New Olive Growing Models Would Promote Biodiversity in Olive Groves

José Eugenio Gutiérrez and his collaborators want to create a biodiversity certification for table olives and olive oils.

Dec. 7, 2017
By Daniel Dawson

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A new project in Spain aims to rein­tro­duce bio­di­ver­sity into olive groves across the European Union. 

Environmental sci­en­tists and olive grow­ers hope to devise an olive grow­ing model and cer­ti­fi­ca­tion that pro­duces high qual­ity oils, but also does not dam­age the nat­ural ecosystem. 

There are only very few ways to save our crops, and all of them depend on bio­di­ver­sity.- José Eugenio Gutiérrez

In Spain, monocrop­ping of olive groves began in the late 1980s when the Common Agricultural Process came into effect. The pol­icy called for the inten­si­fy­ing cul­ti­va­tion of these cash crops by elim­i­nat­ing every­thing that was not olive trees. This included the lib­eral appli­ca­tion of insec­ti­cides and her­bi­cides with­out regard to the later con­se­quences of these actions. 

The pop­u­lar say­ing every lit­tle owl to its olive tree’ has become every lit­tle owl to its olive grove,’ ” said José Eugenio Gutiérrez, a biol­o­gist from the University of Jaén and coor­di­na­tor of the Olive Alive Project. This process has taken an enor­mous envi­ron­men­tal toll, caus­ing the loss of a good part of the bio­di­ver­sity of the olive grove and caus­ing exten­sive degra­da­tion of its ecosys­tem services.” 

Gutiérrez and his col­lab­o­ra­tors want to cre­ate the cer­ti­fi­ca­tion for table olives and olive oils. Think some­thing like fair trade labels on bananas or cof­fee, but for biodiversity. 

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This con­cern with bio­di­ver­sity comes at an uncer­tain time for mass-pro­duc­tion agri­cul­ture. According to Rob Dunn, a pro­fes­sor of applied ecol­ogy at North Carolina State University, the way in which agri­cul­ture — includ­ing olive tree cul­ti­va­tion — has been sim­pli­fied has put many crops at risk of extinc­tion from evolv­ing pathogens.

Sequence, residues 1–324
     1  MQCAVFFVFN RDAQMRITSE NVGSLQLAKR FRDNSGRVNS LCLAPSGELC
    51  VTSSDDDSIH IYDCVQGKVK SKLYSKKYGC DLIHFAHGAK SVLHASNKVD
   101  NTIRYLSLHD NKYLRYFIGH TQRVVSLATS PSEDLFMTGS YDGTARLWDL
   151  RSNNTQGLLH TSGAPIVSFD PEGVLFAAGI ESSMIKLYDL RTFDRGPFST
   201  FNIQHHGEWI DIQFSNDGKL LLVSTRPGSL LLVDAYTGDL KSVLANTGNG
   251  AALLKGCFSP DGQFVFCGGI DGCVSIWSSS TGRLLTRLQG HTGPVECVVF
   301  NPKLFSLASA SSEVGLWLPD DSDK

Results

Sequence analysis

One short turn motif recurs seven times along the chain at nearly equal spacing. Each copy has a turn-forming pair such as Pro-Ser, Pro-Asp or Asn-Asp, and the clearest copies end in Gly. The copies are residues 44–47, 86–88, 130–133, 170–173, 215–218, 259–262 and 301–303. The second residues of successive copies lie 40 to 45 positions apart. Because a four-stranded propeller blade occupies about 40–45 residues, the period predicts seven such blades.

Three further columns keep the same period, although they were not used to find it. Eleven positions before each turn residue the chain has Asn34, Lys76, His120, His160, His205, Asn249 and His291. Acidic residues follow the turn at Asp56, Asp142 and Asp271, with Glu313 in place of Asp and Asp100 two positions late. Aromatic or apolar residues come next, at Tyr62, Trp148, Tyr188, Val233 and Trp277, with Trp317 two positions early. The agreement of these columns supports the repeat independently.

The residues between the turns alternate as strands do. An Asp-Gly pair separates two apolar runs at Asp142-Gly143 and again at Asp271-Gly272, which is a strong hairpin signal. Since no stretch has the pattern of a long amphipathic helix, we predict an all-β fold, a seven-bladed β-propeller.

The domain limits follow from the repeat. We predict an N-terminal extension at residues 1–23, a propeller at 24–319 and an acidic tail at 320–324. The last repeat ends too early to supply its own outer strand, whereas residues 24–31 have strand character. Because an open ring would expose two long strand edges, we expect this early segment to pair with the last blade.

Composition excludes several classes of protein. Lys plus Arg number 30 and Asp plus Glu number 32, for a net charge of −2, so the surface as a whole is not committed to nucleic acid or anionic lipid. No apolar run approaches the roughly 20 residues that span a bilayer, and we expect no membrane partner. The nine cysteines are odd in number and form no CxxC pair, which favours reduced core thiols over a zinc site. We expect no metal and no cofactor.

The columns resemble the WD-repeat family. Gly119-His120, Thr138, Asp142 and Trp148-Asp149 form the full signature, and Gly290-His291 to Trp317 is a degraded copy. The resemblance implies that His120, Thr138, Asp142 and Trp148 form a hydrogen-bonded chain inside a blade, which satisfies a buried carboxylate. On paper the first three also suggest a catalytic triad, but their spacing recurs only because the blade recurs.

Nearly every crop in the world has under­gone a very sim­i­lar his­tory: domes­ti­cated in one region, then moved to another region, where it could escape its pests and pathogens,” Dunn wrote in his new book, Never Out Of Season. But these pests and pathogens, in our global world of air­plane flights and boat trips, are catch­ing up.” 

Olives are one of these crops that are now at risk. Xylella fas­tidiosa out­breaks have been reported in north­ern Italy, south­ern France, Corsica and the Balearic Islands. Increasing bio­di­ver­sity in olive groves is the best way to mit­i­gate the effects of these diseases. 

Once they do catch up, there are only very few ways to save our crops, and all of them depend on bio­di­ver­sity, whether in the wild or among tra­di­tional crop vari­eties,” Dunn wrote. 

The Olive Alive Project plans to cre­ate a human­ized for­est” by using olive trees, which are an appro­pri­ate key­stone species for renew­ing bio­di­ver­sity in the region. They are a per­ma­nent for­est crop, native to the Mediterranean and cre­ate a nat­ural envi­ron­ment for numer­ous other species. 

“(Biodiversity of olive groves) will be achieved by man­ag­ing the herba­ceous cover that are proven not to dimin­ish the pro­duc­tiv­ity of the olive grove,” Gutiérrez said. And restor­ing the unpro­duc­tive (for­est) zones, such as bor­ders, banks or roads, that were destroyed or abandoned.” 

These zones will be restored by grow­ing native shrubs, build­ing nest­ing boxes for birds and other wildlife as well as dig­ging ponds. Then native species can be rein­tro­duced to the areas where Gutiérrez believes they would thrive. 

Gutiérrez said that this new cer­ti­fi­ca­tion will give an added value to the result­ing olive oils, which he believes European con­sumers are look­ing for. 

There are more and more peo­ple, espe­cially in Europe, who are will­ing to do some­thing to con­serve the envi­ron­ment,” he said. “(We seek) to design the best strat­egy so that this oil has its niche in the mar­ket and the con­sumer knows how to value it.”





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